The European Union was plunged into confusion on Monday, trying to salvage something from the wreckage left by Ireland’ shock rejection of the EU’s Nice Treaty.
Ireland’s “No” to a treaty designed to pave the way for the bloc’s eastward enlargement echoes the embarrassment caused by tiny Denmark when it threw out the Maastricht Treaty, the blueprint for a single currency, in a 1992 referendum.
Danish voters approved that treaty at a second referendum a year later after winning opt-outs from various policies, including Economic and Monetary Union.
In another slap in the face for Europe’s “elite,” perceived to be overstepping the mark on issues of national sovereignty, Danes also rejected the euro at a referendum last year.
Swedish Prime Minister Goran Persson, who had hoped to cap his country’s six-month stint at the EU helm with a successful summit in Gothenburg later this week, admitted the Irish referendum result threatened to delay or block EU expansion.
“This risks if not stopping, at least delaying enlargement,” he said during a debate in the Swedish parliament.
“The entire treaty we agreed on in Nice is aimed at making possible EU enlargement.”
However, EU foreign ministers, meeting in Luxembourg, insisted enlargement was on track and ruled out any renegotiation of the treaty.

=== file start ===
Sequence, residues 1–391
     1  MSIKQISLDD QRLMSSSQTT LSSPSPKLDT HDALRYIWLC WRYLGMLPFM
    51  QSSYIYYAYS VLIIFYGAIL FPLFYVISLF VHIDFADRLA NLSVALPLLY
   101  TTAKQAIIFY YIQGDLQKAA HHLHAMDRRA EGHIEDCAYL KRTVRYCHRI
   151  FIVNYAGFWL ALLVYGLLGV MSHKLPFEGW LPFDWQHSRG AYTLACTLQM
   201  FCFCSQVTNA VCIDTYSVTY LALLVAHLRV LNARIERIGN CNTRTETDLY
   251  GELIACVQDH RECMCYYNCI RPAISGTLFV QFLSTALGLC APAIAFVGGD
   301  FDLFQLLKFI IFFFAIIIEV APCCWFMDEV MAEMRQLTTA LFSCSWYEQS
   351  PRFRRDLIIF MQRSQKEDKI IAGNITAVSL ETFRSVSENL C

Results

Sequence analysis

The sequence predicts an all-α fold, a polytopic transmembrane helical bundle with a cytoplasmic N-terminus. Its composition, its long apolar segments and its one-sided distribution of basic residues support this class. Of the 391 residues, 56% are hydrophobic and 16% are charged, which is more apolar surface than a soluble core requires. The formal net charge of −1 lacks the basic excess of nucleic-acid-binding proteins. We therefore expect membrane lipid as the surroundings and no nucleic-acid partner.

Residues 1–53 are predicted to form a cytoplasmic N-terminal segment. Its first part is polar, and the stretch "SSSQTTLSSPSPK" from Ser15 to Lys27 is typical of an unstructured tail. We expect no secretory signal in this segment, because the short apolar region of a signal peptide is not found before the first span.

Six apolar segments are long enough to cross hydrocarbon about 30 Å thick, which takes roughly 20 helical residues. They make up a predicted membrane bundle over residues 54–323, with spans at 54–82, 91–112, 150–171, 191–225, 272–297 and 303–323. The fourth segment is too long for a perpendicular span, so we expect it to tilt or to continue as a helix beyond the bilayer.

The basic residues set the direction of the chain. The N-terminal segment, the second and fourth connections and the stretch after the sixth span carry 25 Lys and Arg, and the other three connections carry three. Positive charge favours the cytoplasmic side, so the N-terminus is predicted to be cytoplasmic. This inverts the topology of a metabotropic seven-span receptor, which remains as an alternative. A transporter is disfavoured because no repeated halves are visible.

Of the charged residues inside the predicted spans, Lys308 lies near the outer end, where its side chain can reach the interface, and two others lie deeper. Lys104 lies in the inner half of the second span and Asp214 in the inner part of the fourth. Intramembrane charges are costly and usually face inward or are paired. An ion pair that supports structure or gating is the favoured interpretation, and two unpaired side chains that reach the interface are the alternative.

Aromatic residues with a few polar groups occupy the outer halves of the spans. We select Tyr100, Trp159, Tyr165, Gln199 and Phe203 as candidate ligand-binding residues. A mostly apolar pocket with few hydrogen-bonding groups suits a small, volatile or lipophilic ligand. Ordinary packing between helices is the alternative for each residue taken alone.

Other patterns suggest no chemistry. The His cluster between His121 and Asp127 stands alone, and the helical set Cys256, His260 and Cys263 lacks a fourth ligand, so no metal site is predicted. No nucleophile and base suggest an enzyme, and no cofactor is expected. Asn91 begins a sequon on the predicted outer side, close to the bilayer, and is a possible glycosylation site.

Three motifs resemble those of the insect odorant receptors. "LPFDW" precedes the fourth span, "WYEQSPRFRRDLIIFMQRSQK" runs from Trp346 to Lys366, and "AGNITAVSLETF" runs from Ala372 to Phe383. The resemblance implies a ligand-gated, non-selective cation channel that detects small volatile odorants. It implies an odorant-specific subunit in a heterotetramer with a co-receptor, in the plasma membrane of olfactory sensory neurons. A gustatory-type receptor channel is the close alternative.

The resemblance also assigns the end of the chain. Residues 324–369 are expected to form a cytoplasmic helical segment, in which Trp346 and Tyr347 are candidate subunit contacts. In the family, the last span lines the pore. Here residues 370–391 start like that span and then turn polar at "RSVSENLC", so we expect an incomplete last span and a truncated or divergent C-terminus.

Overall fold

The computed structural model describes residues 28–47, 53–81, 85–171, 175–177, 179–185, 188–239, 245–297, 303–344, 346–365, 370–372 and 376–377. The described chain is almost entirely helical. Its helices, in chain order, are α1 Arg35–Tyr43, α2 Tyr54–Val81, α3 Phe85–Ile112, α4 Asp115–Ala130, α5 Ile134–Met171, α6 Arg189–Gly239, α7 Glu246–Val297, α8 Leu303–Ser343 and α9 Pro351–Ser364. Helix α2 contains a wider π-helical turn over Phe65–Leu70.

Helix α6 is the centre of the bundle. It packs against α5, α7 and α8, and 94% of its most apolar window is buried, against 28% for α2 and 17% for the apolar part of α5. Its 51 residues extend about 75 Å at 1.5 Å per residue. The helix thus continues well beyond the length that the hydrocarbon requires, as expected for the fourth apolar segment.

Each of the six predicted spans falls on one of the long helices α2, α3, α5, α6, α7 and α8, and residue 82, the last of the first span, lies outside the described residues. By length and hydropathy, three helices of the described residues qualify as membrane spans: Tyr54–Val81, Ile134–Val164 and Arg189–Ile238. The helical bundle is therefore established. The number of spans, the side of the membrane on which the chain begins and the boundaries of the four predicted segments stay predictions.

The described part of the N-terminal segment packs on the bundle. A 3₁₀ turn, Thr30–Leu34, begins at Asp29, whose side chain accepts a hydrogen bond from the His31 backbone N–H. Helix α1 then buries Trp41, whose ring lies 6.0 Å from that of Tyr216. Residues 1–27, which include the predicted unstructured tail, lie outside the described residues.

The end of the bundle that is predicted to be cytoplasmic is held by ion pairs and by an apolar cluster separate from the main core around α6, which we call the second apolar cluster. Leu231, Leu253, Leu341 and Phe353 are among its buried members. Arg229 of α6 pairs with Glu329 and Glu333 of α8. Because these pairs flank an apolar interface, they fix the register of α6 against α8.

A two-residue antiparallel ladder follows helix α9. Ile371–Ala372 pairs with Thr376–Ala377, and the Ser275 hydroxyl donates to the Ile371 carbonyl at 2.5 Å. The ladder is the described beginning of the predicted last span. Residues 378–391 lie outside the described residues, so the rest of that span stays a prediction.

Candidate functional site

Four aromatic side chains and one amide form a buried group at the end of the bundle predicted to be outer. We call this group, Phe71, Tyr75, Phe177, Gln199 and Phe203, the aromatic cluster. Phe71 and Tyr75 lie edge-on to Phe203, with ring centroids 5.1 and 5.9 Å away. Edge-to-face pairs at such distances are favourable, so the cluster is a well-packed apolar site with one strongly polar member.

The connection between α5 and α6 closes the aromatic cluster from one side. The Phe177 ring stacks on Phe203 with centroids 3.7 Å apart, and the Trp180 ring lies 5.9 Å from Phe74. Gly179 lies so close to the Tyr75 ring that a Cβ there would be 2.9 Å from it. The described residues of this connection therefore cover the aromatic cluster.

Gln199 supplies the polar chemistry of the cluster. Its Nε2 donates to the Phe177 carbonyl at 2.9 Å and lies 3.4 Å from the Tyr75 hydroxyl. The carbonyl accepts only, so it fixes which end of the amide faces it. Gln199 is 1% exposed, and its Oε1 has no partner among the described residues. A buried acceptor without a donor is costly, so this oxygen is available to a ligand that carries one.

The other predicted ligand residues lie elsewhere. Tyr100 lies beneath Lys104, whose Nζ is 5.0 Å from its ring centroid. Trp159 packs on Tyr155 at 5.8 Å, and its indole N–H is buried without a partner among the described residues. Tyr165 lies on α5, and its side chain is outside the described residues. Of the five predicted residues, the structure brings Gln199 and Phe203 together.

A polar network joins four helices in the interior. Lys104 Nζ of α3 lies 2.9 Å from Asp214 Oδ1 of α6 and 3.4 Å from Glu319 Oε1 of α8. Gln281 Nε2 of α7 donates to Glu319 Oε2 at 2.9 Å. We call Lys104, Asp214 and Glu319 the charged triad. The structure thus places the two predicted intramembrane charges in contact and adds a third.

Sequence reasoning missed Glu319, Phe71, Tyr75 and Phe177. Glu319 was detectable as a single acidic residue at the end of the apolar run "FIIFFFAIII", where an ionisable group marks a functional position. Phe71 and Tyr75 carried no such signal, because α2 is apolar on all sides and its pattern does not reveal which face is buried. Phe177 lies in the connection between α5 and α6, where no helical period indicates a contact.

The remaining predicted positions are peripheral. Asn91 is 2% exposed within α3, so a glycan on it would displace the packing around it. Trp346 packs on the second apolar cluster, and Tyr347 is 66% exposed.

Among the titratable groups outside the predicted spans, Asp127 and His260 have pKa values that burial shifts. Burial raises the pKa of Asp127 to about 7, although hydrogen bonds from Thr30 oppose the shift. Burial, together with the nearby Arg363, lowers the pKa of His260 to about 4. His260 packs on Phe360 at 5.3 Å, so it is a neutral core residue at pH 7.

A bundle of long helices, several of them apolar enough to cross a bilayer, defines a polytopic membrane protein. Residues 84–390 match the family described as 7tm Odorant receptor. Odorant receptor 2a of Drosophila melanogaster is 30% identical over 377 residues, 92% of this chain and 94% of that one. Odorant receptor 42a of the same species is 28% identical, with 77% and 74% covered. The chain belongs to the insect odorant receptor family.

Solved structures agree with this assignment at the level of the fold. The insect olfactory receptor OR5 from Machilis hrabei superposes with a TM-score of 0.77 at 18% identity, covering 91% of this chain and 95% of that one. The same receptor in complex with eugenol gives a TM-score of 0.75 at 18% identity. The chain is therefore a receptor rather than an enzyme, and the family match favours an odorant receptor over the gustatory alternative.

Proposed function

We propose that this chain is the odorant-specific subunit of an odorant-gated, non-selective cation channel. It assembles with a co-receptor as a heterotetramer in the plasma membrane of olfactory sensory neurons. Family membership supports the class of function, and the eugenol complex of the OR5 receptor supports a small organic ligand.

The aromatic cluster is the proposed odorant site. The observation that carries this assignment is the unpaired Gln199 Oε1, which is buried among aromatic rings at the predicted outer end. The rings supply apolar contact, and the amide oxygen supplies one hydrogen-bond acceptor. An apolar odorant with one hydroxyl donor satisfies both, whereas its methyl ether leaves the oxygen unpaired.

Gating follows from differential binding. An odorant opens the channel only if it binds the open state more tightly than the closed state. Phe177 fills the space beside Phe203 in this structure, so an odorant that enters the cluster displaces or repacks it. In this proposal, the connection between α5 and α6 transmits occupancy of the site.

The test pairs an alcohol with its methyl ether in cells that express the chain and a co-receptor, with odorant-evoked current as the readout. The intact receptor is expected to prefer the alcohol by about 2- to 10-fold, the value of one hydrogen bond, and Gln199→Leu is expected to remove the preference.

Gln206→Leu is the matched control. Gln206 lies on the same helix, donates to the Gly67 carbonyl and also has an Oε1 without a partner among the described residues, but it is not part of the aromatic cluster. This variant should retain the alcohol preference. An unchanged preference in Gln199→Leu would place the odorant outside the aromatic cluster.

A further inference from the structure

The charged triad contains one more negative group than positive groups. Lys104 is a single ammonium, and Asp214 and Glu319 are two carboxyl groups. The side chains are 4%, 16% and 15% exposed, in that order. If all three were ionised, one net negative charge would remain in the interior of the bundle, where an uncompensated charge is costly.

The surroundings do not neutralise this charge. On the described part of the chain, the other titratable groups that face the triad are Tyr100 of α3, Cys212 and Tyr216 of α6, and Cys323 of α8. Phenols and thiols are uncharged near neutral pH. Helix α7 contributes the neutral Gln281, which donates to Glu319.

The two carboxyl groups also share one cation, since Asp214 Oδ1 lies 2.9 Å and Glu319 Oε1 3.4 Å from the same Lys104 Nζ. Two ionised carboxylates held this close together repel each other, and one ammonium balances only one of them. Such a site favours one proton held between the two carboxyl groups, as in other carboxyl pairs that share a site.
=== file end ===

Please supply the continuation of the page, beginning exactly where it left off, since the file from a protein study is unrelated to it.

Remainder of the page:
“(The ministers) excluded any reopening of the text signed in Nice,” ministers said in a statement.
“The ratification process will continue on the basis of this text and in accordance with the agreed timetable.”
All member states must ratify the treaty before it can come into force.
Ironically, Denmark is the only country to have so far ratified the Nice Treaty. Ireland is the only country required by its constitution to hold a referendum.
Sweden had made a top priority of speeding up the enlargement process and had hoped to give strong encouragement at Friday’s Gothenburg summit to the dozen applicants, mainly from Central and Eastern Europe, queuing to join the Union.
The Nice Treaty was agreed after tortuous negotiations in December, preparing the bloc’s institutions to admit new members from 2003.
EU ministers pledged to support Ireland, which diplomats said might hold a second referendum after negotiating an opt-out on parts of the treaty it does not like.
Irish Foreign Minister Brian Cowen gave little early indication of how Dublin might proceed.
“We have to assess and distill the reasons for rejection of the Nice Treaty and to consult with member states. There is no simple solution to this problem,” he told reporters.
Financial markets, and the three big ratings agencies which monitor the impact of the enlargement talks for investment purposes, shrugged off the Irish referendum result.
Moody’s Investors Services said it had no plans to alter ratings, saying the Irish rebuff was not “of sufficient weight to change any ratings, or even any outlooks on ratings.”
It said the timetable of negotiations with those candidate countries likely to meet EU entry terms soonest could be completed by the end of next year, with entry by late 2004.